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Unit 4 - Hypothesis
No matter how keen we are to start, before we can begin an experiment, we need to do a risk assessment.

Unit 4 - Hypothesis

When planning an investigation, the first stage is to come up with a hypothesis. Many students see a hypothesis as prediction of the outcome of an experiment - but it is a lot more than that. This GCSE Biology quiz will help you get to grips with what exactly a hypothesis is.

A hypothesis is a prediction backed up with a scientific reason saying why you think the prediction is correct. Effectively it is what you expect the outcome of an experiment to be and the reason why you expect it. The experimental part of your investigation is then aimed at testing your hypothesis. Always keep reminding yourself of your hypothesis when planning your experiment as that will help to keep you on track.

An example of a hypothesis would be that 'seedlings growing in a greenhouse will grow faster than seedlings on a window sill because there is more light for photosynthesis'. To improve on this, you could add 'there is more light because it is coming into the greenhouse from all sides and not just from the side where there is the window'.

Variables will affect the outcome of your experiment so they need to be identified. Once you have your hypothesis, you can then begin to identify the independent variable, the dependent variable and the control variables. The dependent variable is the factor that you think will change. In the example above, the dependent variable is therefore the growth rate. The independent variable is the factor that you think will cause the dependent variable to change, in our example it would be the amount of light. The control variables are harder to work out and you may find that you add more control variables to the list when you are designing your experiment. The more detail you add to your hypothesis the more it will help you to make sure that the experiment you design will investigate the right variables. It helps you to control the variables better too.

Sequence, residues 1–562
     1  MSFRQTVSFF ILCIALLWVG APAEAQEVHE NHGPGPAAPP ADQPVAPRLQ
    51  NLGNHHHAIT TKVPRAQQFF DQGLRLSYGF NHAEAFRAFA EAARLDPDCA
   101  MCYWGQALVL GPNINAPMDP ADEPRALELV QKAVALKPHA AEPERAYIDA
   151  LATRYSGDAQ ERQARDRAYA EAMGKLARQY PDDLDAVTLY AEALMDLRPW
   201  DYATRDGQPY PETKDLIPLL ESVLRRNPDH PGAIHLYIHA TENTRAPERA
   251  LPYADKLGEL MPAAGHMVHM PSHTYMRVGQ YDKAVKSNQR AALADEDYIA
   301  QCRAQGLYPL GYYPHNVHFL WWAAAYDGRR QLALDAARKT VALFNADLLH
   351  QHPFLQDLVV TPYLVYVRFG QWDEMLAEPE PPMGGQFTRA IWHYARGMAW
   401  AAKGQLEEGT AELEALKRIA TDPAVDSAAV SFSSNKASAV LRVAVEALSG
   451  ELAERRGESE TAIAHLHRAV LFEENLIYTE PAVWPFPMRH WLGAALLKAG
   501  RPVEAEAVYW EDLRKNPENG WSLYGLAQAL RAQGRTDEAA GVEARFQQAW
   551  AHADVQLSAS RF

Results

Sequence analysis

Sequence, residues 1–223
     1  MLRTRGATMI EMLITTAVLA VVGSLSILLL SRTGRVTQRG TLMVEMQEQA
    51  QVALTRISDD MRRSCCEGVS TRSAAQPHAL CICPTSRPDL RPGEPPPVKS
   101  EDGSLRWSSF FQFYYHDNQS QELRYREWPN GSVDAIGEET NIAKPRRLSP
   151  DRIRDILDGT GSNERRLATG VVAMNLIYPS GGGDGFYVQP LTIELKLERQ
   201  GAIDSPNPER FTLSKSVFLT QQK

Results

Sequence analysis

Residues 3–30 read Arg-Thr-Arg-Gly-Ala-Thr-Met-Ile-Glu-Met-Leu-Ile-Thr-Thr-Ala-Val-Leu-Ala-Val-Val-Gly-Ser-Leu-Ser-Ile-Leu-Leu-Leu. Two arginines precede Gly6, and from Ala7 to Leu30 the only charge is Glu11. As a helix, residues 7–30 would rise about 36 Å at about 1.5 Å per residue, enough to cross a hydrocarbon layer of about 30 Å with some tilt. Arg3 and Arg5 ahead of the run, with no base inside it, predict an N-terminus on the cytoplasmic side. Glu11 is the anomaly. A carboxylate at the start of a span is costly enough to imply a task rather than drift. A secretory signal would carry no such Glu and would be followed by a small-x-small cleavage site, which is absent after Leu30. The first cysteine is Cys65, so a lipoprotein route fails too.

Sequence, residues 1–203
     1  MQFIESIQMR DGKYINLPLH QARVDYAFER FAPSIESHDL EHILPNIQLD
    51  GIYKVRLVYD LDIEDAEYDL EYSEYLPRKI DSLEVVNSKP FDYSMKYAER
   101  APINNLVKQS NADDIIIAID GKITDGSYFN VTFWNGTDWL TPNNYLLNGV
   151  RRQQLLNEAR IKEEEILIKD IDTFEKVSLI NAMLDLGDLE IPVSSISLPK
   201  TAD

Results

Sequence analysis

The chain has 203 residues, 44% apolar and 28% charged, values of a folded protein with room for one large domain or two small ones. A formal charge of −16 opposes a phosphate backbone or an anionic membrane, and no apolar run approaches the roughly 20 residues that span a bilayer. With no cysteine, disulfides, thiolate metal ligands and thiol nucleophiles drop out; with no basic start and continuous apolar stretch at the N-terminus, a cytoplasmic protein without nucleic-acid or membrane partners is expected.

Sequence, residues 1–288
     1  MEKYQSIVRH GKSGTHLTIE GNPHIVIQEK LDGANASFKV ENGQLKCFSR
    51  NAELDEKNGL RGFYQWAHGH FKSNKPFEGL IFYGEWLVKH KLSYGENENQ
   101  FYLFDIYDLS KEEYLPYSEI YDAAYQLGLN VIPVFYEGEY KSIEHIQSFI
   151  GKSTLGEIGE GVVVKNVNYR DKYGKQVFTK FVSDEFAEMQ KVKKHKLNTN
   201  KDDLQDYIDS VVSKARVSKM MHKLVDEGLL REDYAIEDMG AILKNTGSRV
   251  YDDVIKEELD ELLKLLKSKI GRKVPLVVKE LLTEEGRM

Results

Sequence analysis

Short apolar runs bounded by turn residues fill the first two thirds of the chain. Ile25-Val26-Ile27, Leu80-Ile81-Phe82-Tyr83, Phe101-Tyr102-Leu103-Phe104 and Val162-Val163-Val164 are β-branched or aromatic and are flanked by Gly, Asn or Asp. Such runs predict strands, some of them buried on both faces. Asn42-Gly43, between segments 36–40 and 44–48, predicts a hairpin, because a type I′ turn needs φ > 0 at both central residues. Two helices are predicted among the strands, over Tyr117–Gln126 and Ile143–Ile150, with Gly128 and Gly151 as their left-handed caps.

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1.
After writing a hypothesis, we need to write the...
conclusion
results table
variables list
evaluation
Once you have decided on the variables, you can then begin to think about the experiments that you will do to test the hypothesis
2.
When do we come up with a hypothesis?
After obtaining results
Before we start the experiment
During the experiment
After the conclusion
It is the very first thing that you need to do when planning an investigation
3.
"I think that X will happen because of Y" is an example of...
hypothesis
anomaly
conclusion
bias
This is probably the simplest way of describing a hypothesis
4.
What is a scientific hypothesis?
A fact supported by a prediction
An outcome supported by experimental results
A measurement made very accurately using complex equipment
A prediction supported by scientific reasoning
It doesn't matter if either the prediction or the reasoning is wrong - that will be decided by the experimental work you do to test the hypothesis
5.
Another phrase to describe a hypothesis is...
a sheer fluke
an educated guess
a red herring
a shot in the dark
A hypothesis is a prediction based on what you know, so it is an educated guess that can be tested
6.
Which is the correct order for an investigation?
Conclusion, results, method, hypothesis
Hypothesis, results, conclusion, method
Hypothesis, method, results, conclusion
Results, conclusion, hypothesis, method
We always start an investigation with a hypothesis
7.
Which of these is a hypothesis?
As the concentration of acid increases, I think the rate will also increase because there are more particles
The results show that more acid increases the rate
There is one odd result at an acid concentration of 10%
I think that Leeds United are the best team in the world because they have the best players
Option 2 is a conclusion, option 3 is an evaluation and option 4 does not indicate the dependent and independent variables precisely enough - what is meant by best team ... the one that scores the most goals? The one that wins the most matches? A hypothesis should be very precise
8.
Which of these is a hypothesis?
As the temperature increased, the rate of reaction increased
As the temperature increases, I think that the rate will also increase due to the increased kinetic energy of the particles
As the temperature increases, things will start to happen
As the temperature increased, the reactants fizzed and caused a massive explosion
The first and the last options must be wrong as they are written in the past tense. The third is not precise enough but the second option offers a prediction and a scientific reason
9.
The hypothesis that links fossils with prehistoric organisms can only be tested if....
we could clone the organisms
we could go back in time and do the experiments to prove it
we could match them up with organisms alive today
we could speed up the process of fossil formation
Yes! Believe it or not, without actually going back in time, the link between an actual fossil and an actual organism cannot usually be proven. Palaeontologists (scientists who study fossils) are now developing ways of obtaining DNA from certain fossils which can then be used to prove the links
10.
Before we can start the experiment, we need to do a...
risk assessment
risk measurement
risk statement
risk awareness course
You can only do this when you have decided on your method that you will use to carry out your experiment

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